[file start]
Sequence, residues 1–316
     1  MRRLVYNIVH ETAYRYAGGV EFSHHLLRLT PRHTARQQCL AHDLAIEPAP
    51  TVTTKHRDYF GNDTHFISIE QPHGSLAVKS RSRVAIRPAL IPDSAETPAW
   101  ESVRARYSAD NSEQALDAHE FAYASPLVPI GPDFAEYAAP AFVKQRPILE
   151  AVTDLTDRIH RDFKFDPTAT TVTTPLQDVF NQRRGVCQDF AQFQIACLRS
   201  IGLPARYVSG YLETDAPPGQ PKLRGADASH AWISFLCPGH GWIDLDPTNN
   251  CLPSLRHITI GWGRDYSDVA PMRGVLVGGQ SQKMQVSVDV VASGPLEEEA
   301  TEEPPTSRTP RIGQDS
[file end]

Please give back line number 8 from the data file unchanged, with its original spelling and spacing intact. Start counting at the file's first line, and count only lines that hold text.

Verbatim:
   301  TEEPPTSRTP RIGQDS